This week at HuffPost Arts&Culture we admired art history's grooviest 'staches, caught up with some long-lost Playboy Bunnies and were reminded why crystal meth is not the best idea. Just another week at the office!
This is your face. And this is your face on drugs.
The above portrait is part of London-based photographer Roman Sakovich's project, "Half," which highlights the drastic physical effects of substance abuse. Sakovich has created split images that simultaneously portray an individual prior to and post addiction, leaving the viewer with a stark visualization of the damaging effects of drug use on our bodies.
If you were entering your daily Internet queries earlier this week you may have noticed a particularly pensive Google doodle. The serious naked thinker that has replaced the "O" honors the birthday of Auguste Rodin. The progenitor of modern sculpture would be 172 if he were still magically alive today. Dear Rodin, on your birthday we celebrate your fascination with raw emotion and all things NSFW.
A recent performance of "Grace," a new Broadway play starring Paul Rudd and Michael Shannon, was memorable, surprising and dramatic for all the wrong reasons. An audience member slowly leaned over from where he sat in the mezzanine. He then vomited over the balcony, directly onto the prime orchestra section below.
"As people were trying to get him back up and into his seat, he threw up all over the people below him in the orchestra and then collapsed on the floor of the balcony. A group of about twenty formed around where he was, and everyone in the theater was looking back at the commotion ... The stench of the vomit was a little overwhelming, and many people were noticeably uncomfortable, and of course everyone who was vomited on left."
In case you haven't noticed the abundance of upper-lip hair this month, we're here to tell you that we're in the thick of Movember. During this month, you can expect to see the pencil, the handlebar, the chevron, and even the Fu Manchu back in full force as men (and sometimes women) of all facial hair growing capabilities embark on 30 days of grooming in the name of men's health awareness.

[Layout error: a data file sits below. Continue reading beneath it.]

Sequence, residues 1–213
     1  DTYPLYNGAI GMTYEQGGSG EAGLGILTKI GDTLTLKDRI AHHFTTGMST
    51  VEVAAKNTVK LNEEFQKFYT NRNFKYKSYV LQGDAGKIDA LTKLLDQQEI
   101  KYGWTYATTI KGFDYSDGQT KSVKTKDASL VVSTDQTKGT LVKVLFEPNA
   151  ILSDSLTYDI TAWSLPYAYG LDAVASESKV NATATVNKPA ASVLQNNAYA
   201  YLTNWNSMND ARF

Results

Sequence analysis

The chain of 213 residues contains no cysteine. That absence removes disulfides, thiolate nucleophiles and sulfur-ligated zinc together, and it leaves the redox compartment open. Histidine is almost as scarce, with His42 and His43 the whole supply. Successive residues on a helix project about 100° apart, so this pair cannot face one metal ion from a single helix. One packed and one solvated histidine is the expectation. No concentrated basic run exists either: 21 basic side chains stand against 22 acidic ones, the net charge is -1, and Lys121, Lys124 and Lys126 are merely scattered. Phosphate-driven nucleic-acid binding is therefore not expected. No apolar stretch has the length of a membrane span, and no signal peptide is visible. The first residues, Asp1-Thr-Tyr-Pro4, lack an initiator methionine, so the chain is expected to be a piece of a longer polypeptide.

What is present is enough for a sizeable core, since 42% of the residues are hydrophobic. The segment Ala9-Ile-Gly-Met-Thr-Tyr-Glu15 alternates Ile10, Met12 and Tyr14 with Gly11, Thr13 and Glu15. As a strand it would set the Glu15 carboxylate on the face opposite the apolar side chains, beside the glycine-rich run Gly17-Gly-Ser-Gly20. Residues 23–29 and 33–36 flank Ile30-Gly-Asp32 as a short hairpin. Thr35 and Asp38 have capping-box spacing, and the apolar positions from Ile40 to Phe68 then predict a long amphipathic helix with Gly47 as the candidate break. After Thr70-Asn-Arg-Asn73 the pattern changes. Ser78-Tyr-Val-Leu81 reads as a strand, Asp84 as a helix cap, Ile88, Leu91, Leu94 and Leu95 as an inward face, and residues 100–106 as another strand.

Movember originally came into being in 2003 when 30 "Mo Bros" in Melbourne decided to bring awareness to prostate and testicular cancer the best way they knew how -- by growing 'staches. It has since become a global phenomenon, celebrated everywhere from Australia to Africa. In honor of the hirsute month, we've put together a slideshow of the 20 greatest moustaches in art history.
Technology has permeated all aspects of our culture, from what we see to how we see it. No one can express this truth better than ArtFutura, an annual festival exploring the beauty of the next frontier via new media, interactive design, videogames and digital animation.
This year's fair, titled, "Our Culture Is Digital," explores the images in our modern landscape through an investigation of form, and the world's most innovative digital creators have gotten together to create some truly incredible contributions this time around. We're particularly excited about Theo Jansen, whose Strandbeests captivated us when we saw them earlier this year. The self-sufficient skeletal marvels, made from plastic tubes, are not only some of the most successful examples of artificial life but the most stunning.
Whatever happened to the Playboy Bunnies?
Bunnies are often confused with Playmates, though many of them were never in Playboy magazine; instead, Bunnies worked at the members only venue known as the Playboy Club, which ran from 1960 to 1991.
While we can't promise a real-life trip to Hugh Hefner's illustrious grotto, we can present you with evidence that even Bunnies eventually grow up. Photographer Robyn Twomey gives a provocative tour of the annual Playboy Bunny Reunion, where ex-Bunnies show off tight t-shirts, bunny ears and the occasional silicone implant in a complex display of strength and fragility.
Well, that was our week. Stay warm out there and check in next week for some pre-turkey art goodness!